a part of hts pantaloons just in the hollow of the
knee.
“ What’s the matter ?” at last asked we.
1 he matter!” lie exclaimed, “ oh, help me!
I v» got something here, which just ran up my
leg! Some infernal scorpion or lizard, I expect!
Oh, I can’t let go; I must hold it. Ah, there!”
he shrieked, •• I felt it move just then! Oh, these
pants without straps! I’ll never wear another
pair open at the buttom as long as I live. Ah! I
feel it again!”
I'eel what?” we inquired, standing at the
same time at a respectful distance from the gen3
liftman ; for we had jn9t been reading our Corpus
Christi correspondent’s letter about snakes, lizards
and tarantulas, and began to imagine some deadly
insert or reptile in the leg of our friend’s “ unmen
tionables,” as they are sometimes railed.
‘‘I don’t know what it is,” answered the gen
tleman ; “ help me to see what it is. I was just
passing that pile of old rubbish there, in front of
your office, and felt it dart up my leg as quick at
lightning, and it stopped just here, where I have
my hand and he clenched his fist still more
tightly. If it had been the neck of an anaconda
we believe he would have squeezed it to a jelly.
By this lime two or three of tho nowsboys bad
come in ; the clerks and packing boys, hearing the
outcry, stopped working, and editors and all hands
stood around the sufferer with looks of minaled
sympathy and alarm.
“ Br‘n? a chair. Fitz,” said we, “ and let tho
gentleman bo seated.”
”Oh, I can’t sit!’’ said the gentleman; “I
can’t bend my knee !—if I do, it will bite or sting
me ; no, ( can’t sit!’’
“ Certainly you can sit.” said we ; “ keep your
leg straight out, and we’ll see what it is you’ve
got.”
“ Well, let me give it one more hard squeeze;
1 II crush it to death,” said he, and again he put
the force of an iron vice upon the thing. If it
had any life by this time, this last effmt must
have killed it. He then cautiously seated him
self, holding out his leg as stiff and straight as a
poker. A sharp knife was procured ; the pants
were cut open carefully, making a hole largo
enough to admit a hand ; the gentleman put on a
thick glove and slowly inserted his hand, but lie
discovered nothing. \\ e were all looking on in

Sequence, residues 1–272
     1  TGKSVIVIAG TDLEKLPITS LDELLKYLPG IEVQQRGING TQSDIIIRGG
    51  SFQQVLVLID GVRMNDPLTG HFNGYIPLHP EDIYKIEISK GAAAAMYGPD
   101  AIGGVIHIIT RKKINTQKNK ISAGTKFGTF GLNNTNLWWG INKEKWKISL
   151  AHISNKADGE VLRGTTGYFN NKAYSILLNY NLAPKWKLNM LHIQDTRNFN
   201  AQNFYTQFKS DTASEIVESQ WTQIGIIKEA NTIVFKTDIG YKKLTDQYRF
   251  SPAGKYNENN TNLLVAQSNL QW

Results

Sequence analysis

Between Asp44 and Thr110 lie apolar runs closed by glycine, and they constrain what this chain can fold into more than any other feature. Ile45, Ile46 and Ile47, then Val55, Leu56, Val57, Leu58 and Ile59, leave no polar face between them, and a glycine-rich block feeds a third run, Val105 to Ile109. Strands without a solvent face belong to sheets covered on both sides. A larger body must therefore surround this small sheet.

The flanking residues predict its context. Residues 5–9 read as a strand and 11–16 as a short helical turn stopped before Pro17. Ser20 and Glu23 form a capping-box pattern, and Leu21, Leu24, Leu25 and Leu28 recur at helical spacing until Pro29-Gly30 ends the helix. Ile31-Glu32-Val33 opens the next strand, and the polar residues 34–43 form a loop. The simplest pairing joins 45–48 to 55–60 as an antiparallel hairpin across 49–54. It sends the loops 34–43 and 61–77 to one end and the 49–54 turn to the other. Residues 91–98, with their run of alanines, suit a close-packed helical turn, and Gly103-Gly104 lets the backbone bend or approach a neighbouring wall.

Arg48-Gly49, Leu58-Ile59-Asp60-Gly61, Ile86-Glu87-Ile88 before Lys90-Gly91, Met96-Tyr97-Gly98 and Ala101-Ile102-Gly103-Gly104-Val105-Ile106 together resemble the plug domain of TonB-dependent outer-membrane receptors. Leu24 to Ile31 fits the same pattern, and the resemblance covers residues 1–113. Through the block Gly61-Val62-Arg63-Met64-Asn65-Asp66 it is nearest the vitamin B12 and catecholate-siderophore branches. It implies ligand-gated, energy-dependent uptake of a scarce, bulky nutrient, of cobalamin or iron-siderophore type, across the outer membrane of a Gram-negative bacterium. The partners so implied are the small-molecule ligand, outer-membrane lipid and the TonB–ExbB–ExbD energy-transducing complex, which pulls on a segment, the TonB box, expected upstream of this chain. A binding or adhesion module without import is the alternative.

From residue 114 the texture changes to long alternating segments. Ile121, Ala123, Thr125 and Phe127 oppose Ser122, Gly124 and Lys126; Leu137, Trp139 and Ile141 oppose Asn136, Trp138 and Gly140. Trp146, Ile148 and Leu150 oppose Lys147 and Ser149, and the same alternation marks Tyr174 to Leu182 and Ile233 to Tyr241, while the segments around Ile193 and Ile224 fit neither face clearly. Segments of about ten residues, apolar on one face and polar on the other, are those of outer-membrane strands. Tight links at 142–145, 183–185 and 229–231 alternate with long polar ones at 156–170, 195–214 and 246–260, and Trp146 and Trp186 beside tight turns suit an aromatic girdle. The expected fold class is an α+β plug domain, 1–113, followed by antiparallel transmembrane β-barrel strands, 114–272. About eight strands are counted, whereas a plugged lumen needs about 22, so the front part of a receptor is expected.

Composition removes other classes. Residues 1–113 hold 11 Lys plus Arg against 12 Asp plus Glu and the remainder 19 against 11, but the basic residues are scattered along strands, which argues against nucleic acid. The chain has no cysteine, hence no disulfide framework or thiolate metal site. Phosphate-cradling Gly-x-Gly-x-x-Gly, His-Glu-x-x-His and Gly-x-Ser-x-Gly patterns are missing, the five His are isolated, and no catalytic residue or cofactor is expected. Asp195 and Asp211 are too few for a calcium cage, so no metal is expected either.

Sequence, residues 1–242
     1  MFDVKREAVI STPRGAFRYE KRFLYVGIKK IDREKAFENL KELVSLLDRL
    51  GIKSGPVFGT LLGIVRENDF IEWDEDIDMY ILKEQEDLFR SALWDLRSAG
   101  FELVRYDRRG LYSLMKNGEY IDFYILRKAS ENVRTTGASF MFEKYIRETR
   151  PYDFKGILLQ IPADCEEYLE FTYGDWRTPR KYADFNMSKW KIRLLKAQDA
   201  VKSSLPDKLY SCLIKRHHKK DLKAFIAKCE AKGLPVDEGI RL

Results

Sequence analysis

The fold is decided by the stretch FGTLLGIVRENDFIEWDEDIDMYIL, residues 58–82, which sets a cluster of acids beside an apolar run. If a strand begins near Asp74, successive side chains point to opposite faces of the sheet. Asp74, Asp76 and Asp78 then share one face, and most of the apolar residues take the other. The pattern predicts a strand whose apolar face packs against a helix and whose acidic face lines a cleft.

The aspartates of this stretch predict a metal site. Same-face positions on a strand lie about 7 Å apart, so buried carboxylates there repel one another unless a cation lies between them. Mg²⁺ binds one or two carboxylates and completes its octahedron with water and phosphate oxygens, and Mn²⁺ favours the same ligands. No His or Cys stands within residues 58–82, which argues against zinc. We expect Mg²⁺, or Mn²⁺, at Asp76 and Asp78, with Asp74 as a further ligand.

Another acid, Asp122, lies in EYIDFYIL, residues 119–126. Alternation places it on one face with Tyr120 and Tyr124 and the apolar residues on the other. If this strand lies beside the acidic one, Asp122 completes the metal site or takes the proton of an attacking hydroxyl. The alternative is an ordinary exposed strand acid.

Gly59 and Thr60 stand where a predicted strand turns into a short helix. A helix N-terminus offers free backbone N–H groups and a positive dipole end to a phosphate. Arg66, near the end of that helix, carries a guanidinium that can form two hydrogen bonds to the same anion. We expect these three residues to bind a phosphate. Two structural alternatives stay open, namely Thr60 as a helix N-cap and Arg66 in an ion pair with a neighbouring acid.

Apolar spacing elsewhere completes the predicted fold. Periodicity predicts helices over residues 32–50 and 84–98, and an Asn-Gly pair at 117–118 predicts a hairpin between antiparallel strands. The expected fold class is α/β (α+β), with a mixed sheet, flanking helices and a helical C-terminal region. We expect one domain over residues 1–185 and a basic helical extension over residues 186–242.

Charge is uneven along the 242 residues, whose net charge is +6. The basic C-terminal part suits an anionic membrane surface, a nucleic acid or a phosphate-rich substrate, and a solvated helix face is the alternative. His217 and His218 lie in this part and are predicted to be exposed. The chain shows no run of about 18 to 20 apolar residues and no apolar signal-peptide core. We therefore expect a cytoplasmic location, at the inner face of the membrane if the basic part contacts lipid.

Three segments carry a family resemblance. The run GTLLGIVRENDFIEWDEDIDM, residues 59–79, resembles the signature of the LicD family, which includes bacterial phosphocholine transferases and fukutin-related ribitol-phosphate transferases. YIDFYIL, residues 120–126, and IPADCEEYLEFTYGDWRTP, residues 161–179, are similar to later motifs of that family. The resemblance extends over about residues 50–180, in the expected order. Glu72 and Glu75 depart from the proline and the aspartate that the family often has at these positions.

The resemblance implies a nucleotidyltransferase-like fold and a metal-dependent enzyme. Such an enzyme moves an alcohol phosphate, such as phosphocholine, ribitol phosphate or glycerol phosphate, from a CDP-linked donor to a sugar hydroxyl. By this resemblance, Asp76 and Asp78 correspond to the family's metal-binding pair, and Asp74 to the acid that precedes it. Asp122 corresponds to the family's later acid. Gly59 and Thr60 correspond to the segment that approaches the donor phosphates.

almost breathless silence to see the monstrous
thing—whatever it might be; each ready to
scamper out of harms’s way should it be alive •
when suddenly the gentleman became, if possible,
more agitated than ever. •* By heavens!” he ex
claimed, it’s inside my drawers. Its alive too—I
feel it!—Quick!—give me the knife again!”
Another incision was made. In went the gentle
man's gloved hand once more, and, lo! out came
—his wife's slocking!
How the stocking ever got there we are una
ble in say ; hut there it certainly was; and such
a laugh as followed, we liav’nt heard for many a
day. Our friend, we know, has told the joke
himself, and must pardon ns for doing so. Though
this is all about a slocking, we assure our readers
it is no “ yarn."
WILLIS ON HIS TRAVELS.
OfAix la Chcpelle, he says, there are to be
seen, amongst other sacred relics, swaddling
clot hr s of our Saviour, the robe of the Virgin
Mary, the shroud of John the Baptist, some man
na nt the Isrealites in the wilderness, a lock of
the V irgin’s hair and the leathern girdle of the
Saviour. At Cologne he saw other relics. He
says : I relished exceedingly my ramble through
the narrow streets, and over the beautiful cathe
dral, and I puckered my lips with doe wonder at
the sight of ihe bones of the “ eleven thousand
virgins” in the Convent of St. Ursula. Alas,
that, of anything lovable, such inav have been a
part! There was no choice, I thought, between
the skulls—yet there must have been a difference
in the beauty in the flesh that covered them.
large papers.
The London Spectator finds fault with ths
enormously large papers of the metropolis.—
“ sheets, says the Spectator, are as unfa
vorable to newspaper literature as large thea
tres, iave Pro*erf «" dramatic art. In both ca
ses excessive space has led to coarseness of execu
Hon. To the excessive size of nUr newspapers
may in no slight degree be attributed the want of
artistical handling in their reports of murders. It
is useless to complain of the prominence given to
such topics. The public will have them. The
monotony of orderly business life begets an irre
sistible craving for such strong stimlants. Even
those who cry out against such pandering to a
vitiated taste, can not resist reading. But the same
ciose which has driven ottr newspapers to reprint
parliamentary reports and foreign office protocols
entire, instead of presenting their readers with a
manageable analysis—the necessity of filling up
-oblige them to enter into all the revoltin'7
minutae of every act of butchery.’’
“ Pa, is Mister Clay got hurt?”
“ No child; why do you ask ?’’
“ Because the papers say that Mr. Polk run
ngnin.il Mr. Clay, and 1 thought it might have
knocked him down.”
WHIP IS lows.
PORT OF NORFOLK AND PORTSMOUTH,
Monday November 10.
ARRIVED,
Steamer Curtis Pock, Davis, fm Richmond.
. Sij!T k;,£,c> Brown, fm Petersburg, flour to Smith
& r i*hrr,
Schr Morgan, from Fredericksburg,
flour to J. Wills. *
s^hr,,Y’rF*r|'» Francis, from Petersburg, flour to
R A. Worrell. and Butler & Camp.
Schr Elizabeth Emily, William*, fm Petersburg,
m-izc to R. A. Worrell, 8mith & Fisher, and J
Will*.